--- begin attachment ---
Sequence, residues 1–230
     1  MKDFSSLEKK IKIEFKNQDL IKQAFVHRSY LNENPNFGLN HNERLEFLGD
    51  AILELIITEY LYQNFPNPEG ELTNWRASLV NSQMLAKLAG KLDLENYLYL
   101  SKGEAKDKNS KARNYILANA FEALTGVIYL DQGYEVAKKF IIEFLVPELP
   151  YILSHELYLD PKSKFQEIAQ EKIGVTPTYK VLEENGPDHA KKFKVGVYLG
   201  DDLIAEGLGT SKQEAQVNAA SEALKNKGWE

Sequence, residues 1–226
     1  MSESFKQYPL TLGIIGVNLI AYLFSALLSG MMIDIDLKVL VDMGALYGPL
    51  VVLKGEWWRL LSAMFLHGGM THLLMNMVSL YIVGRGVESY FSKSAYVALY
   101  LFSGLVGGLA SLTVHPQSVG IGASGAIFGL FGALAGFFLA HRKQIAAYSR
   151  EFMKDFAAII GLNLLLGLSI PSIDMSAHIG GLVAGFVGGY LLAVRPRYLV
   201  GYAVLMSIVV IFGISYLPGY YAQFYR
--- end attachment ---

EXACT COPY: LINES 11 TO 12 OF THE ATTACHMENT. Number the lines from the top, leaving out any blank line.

   151  EFMKDFAAII GLNLLLGLSI PSIDMSAHIG GLVAGFVGGY LLAVRPRYLV
   201  GYAVLMSIVV IFGISYLPGY YAQFYR